In the lawsuit, the State of Missouri will likely point to the fact that, unlike New Jersey’s, its law doesn’t automatically suspend the licenses of those in arrears, but only allows the state to do so.  It will claim that, in accordance with U.S. Supreme Court precedent, it conducts hearings to ascertain a person’s ability to pay.  Don’t believe it.  We’ve been to that rodeo before.  Parents in arrears are overwhelmingly poor and uneducated and have little way of knowing what evidence of inability to pay they have to produce for the judge or how to produce it.  Given that those “hearings” generally last about five minutes, the reality is that driver’s license suspension comes perilously close to being automatic.

OCSE data reveal unpaid child support levels that increase every single year.  Today, there is absolutely no chance that those balances will ever be paid off, a fact candidly admitted by the OCSE.  As of 2016, the unpaid balance was over $116 billion and climbing.  In 2007, the Office of the Assistant Secretary for Planning and Evaluation of the Department of Health and Human Services reported that 70% of arrears were due from obligors who had either zero income or reported earning less than $10,000 per year.  The same office reported that it expected to collect just 40% of arrears over a ten-year period, during which time of course, the total amount owed would keep climbing.  Here’s my post from last year on the matter.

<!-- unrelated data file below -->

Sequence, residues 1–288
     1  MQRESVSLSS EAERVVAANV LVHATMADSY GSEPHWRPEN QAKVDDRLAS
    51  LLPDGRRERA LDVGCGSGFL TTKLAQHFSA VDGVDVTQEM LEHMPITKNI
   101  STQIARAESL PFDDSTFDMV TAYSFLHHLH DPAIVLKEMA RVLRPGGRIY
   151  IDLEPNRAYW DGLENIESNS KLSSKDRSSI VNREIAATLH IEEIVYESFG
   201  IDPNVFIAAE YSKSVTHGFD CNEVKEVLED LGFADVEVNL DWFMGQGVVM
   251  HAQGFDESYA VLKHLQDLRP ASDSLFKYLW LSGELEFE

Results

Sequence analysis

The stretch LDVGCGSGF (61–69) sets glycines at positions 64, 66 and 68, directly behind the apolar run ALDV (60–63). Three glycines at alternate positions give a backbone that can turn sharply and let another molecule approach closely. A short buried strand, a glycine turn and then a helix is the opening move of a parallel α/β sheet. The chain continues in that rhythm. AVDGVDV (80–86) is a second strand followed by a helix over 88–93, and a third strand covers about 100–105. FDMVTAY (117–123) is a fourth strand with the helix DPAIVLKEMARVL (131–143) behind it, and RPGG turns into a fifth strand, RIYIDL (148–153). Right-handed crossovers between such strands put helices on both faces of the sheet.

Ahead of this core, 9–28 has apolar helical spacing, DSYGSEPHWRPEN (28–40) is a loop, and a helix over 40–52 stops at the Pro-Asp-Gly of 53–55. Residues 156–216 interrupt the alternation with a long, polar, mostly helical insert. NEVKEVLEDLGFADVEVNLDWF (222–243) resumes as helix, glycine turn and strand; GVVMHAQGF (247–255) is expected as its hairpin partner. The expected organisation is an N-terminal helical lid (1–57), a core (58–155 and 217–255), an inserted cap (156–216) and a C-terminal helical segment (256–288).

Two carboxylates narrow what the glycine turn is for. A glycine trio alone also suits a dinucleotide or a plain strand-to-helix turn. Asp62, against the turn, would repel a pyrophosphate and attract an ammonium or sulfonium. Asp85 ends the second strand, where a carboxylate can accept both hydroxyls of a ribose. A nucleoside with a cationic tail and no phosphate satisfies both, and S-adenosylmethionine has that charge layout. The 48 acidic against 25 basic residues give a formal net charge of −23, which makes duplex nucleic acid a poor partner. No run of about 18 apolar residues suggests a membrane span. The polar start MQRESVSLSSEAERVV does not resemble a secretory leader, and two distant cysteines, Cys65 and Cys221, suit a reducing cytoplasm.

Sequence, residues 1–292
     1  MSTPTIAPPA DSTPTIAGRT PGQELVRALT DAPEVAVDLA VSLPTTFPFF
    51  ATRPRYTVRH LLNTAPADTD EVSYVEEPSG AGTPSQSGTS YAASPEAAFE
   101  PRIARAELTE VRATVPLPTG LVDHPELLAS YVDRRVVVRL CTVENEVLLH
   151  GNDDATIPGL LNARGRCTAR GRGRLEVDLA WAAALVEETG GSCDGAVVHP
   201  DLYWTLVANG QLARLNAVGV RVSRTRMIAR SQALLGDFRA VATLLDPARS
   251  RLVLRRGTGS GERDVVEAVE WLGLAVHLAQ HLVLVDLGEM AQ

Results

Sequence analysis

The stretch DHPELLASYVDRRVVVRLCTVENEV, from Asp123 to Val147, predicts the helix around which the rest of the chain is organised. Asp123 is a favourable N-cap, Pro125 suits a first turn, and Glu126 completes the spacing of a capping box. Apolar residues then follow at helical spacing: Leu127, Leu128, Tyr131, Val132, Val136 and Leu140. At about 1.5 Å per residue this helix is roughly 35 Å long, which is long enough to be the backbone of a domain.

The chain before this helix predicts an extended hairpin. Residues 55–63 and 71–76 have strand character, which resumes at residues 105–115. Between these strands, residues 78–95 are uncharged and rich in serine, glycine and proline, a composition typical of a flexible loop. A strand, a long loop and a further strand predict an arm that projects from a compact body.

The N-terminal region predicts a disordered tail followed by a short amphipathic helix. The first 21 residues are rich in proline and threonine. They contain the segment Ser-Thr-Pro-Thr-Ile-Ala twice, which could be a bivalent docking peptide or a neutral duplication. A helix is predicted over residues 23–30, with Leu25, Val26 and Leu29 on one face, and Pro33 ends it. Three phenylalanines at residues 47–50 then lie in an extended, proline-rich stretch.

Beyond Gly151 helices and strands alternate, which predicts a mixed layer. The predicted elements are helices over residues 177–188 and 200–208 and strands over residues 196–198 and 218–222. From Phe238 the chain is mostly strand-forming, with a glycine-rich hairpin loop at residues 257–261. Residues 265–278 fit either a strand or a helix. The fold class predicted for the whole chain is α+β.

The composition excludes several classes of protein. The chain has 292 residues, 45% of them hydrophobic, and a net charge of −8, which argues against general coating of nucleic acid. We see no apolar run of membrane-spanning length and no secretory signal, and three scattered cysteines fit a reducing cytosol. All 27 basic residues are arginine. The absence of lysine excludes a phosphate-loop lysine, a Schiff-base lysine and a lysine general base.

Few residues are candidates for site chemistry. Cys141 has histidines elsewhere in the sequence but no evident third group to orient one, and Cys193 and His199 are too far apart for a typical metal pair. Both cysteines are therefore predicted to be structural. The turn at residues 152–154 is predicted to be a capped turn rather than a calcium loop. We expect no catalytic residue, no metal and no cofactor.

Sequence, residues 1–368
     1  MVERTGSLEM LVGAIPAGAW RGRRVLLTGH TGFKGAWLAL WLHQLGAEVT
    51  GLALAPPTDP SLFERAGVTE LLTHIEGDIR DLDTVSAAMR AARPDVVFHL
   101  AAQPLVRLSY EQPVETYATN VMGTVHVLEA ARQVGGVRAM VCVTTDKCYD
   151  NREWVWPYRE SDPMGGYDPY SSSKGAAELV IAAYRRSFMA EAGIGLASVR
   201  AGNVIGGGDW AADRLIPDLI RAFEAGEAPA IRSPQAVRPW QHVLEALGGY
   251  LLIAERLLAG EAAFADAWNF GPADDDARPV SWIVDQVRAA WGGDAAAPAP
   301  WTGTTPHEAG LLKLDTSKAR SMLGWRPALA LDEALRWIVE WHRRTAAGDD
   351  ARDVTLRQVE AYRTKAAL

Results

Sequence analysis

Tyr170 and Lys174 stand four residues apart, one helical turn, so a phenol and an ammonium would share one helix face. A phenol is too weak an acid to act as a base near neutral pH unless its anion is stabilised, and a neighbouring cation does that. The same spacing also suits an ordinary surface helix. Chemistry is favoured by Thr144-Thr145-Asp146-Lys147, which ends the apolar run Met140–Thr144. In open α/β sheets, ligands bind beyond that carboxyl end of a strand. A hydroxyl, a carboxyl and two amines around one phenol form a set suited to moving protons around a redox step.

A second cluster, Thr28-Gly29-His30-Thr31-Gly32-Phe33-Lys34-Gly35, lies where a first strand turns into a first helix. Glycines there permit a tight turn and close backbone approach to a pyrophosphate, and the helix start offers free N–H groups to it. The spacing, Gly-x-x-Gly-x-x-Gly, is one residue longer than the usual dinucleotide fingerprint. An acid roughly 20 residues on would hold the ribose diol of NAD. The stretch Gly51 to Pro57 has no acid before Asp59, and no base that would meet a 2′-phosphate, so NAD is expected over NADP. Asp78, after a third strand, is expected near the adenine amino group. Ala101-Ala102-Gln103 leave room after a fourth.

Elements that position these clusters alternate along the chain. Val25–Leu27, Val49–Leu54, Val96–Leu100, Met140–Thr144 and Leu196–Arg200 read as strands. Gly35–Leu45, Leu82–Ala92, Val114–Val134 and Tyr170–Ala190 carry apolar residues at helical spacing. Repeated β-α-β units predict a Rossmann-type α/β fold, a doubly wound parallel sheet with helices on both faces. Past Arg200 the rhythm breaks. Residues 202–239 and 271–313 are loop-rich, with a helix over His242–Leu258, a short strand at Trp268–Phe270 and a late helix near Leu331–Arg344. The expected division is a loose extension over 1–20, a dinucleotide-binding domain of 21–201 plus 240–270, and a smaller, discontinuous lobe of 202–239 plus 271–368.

There are sensible ways of approaching child support.  Principally, that would mean setting support orders that parents can pay, reforming parenting time so each parent has as close to half the time with the child as possible, making downward modifications easier to obtain and enforcing visitation orders with the same vigor as we do child support orders. 

Needless to say, we’re lightyears away from taking such reasonable steps.  In the meantime, we’ll have to rely on organizations like Equal Justice Under Law to force a degree of sanity on states that still seem to believe that non-resident fathers don’t care about their kids and the way to squeeze money out of the poor is to treat them as harshly as possible.